Giving back to those in need
Ni Wayan Sunantri began planning for Christmas in January. Friends and family were not on her mind. The senior therapist at Spa Oasis had set a lofty goal of making a sizeable contribution to help Bermuda’s needy. It meant she had to start saving early.
With help from her fellow therapists at the Laffan Street spa, she split $3,500 between Family Centre and Bermuda Cancer and Health Centre last week.
Ms Sunantri suggested the idea last year as a way for the therapists — who hail from Indonesia and Bhutan — could give back to their adopted home. Their boss, Juan Smith, agreed to match whatever they raised.
The eight colleagues willingly put aside a portion of their earnings each month, handing $1,800 to the Salvation Army in 2018.
“We do this to give thanks to Bermuda for making our lives easier,” said Ms Sunantri, who is originally from Bali. “My experience is Bermuda is the best place.
“I said to the girls, to Mr Smith, ‘Let’s do something.’ I thought for us, we’re very appreciative because our life here is better than in our country.
“We can show our thanks if we help feed families here, not just take the money and send it home. There are people here who need help. There are people with no homes; children who need help.”
Ms Sunantri moved to the island to work at Spa Oasis when it opened seven years ago.
“I didn’t know anything about Bermuda then,” she said. “Seven years ago, I was in Jordan at a hotel that was new and had very few customers. I was crying all the time. I had no clients. One day I saw an ad on Facebook — Mr Smith was looking for therapists in Bermuda.”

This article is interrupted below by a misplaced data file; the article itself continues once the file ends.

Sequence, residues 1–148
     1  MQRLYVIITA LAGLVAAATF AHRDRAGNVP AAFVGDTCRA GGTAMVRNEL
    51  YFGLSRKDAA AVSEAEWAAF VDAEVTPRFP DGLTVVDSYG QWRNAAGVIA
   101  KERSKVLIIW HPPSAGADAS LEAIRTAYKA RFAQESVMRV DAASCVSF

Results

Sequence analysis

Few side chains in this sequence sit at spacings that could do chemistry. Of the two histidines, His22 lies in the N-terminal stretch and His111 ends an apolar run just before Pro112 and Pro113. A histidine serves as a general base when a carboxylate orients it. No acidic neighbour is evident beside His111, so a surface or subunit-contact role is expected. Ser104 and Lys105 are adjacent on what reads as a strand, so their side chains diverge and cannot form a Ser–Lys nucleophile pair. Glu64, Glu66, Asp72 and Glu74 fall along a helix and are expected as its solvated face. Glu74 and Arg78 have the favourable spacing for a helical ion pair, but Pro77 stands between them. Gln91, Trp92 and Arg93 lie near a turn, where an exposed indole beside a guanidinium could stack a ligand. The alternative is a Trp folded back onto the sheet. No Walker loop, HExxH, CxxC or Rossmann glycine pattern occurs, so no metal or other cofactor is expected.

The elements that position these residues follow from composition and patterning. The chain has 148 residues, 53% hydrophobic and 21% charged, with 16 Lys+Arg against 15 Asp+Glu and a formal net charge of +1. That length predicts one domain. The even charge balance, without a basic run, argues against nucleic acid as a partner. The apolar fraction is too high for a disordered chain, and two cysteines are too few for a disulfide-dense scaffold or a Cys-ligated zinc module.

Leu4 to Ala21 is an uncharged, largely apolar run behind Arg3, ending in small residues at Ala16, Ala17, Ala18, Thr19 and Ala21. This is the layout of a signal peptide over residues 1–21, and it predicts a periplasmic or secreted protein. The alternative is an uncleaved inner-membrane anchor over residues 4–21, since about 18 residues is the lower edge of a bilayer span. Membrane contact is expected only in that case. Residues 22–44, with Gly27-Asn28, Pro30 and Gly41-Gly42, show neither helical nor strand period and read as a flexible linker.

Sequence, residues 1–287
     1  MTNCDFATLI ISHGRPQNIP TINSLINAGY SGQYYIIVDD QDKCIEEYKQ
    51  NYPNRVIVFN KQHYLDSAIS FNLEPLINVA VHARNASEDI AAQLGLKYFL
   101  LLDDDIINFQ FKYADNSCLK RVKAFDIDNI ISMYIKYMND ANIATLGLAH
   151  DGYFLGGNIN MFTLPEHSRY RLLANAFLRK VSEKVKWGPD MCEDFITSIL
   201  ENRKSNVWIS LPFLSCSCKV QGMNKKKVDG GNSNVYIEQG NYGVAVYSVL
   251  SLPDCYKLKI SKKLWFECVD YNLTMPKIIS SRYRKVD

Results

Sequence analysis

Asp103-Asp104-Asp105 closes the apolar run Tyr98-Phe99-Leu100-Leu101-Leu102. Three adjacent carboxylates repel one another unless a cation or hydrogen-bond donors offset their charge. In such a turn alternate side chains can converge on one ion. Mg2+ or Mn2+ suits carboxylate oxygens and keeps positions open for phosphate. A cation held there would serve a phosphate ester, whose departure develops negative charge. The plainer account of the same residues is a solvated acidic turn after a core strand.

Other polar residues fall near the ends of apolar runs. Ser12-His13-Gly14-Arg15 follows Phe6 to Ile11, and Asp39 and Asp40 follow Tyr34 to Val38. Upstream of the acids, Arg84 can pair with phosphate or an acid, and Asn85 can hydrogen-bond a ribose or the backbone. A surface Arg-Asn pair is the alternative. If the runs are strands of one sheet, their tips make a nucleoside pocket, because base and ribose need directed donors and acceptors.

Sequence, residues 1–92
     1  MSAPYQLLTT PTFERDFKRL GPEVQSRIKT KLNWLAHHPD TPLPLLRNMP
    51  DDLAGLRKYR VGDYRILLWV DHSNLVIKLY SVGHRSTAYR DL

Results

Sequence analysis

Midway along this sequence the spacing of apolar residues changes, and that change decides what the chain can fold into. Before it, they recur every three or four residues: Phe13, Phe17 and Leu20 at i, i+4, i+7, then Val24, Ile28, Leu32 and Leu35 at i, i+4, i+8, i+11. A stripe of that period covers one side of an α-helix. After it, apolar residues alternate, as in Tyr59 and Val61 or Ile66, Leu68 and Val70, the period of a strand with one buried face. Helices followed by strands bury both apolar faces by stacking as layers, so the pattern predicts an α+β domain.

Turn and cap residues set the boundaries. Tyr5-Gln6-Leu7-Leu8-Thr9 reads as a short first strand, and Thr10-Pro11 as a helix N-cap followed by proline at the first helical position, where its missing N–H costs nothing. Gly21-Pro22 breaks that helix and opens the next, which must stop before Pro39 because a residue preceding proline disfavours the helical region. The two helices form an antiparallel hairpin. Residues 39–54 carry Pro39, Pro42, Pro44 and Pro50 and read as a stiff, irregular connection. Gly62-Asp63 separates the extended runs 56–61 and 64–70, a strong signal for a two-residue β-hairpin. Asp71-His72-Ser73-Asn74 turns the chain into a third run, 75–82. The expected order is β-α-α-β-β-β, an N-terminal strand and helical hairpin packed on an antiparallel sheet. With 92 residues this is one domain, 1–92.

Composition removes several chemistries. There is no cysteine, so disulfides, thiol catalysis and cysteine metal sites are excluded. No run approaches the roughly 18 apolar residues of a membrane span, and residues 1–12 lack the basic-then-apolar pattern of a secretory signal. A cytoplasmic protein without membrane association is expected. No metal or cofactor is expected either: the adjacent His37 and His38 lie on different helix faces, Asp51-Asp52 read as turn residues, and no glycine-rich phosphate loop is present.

She sent in her résumé and “then started wondering” where Bermuda was.
“I contacted all my friends. Some said it was in New York, some said in England. I was really confused.”
Having already worked in Germany, China, Turkey, Palau and Jordan, she decided to view it as “another adventure”.
“I finally decided just go and if something happens you can just leave.”
She arrived expecting a “nice, big city” and was surprised to find the island “looked more like a jungle”.
“But it’s a nice place,” she said. “I’ve met so many people. Last year, I decided I wanted to help out the Salvation Army because I saw so many people standing in line waiting for food.
“We’re trying to target causes. We’re not just giving toys, [we want to get to the heart of the problem]. We want to give where people really need help.
“With Bermuda Cancer and Health, the money will go specifically to people who are underinsured or not insured. We chose Family Centre because we found out most of the money goes directly to helping the children — I think it’s 85 per cent. With some charities it’s the reverse because there are a lot of admin costs.”
Ms Sunantri, who regularly sends gifts she buys at thrift stores here to people in her village, says she hopes to continue the tradition as long as she can.
“Mr Smith said [to speak with The Royal Gazette] to let our guests, our clients know they are helping contribute to a cause that will eventually help Bermudians,” she said.
“We wanted them to know that a portion of what they pay to the spa comes back and helps [the island].”
Having discussed the scheme for some time with Ms Sunantri before it started, Mr Smith said he was proud to see what his staff had accomplished.
“I often hear that [expatriate workers] just come here to take as much as they can, but these guys, no one’s forcing them to contribute. They’re giving from their hearts. They recognise that they are not from here and there are some people who may just come to take, but they want to give back.
“[Ni Wayan] and I had been talking about giving back for the past couple years. It started last year when we gave the Salvation Army a monetary gift of $1,800.
“This year, we wanted to put something in the paper to thank our clients for supporting us and for helping us to support Bermuda.”
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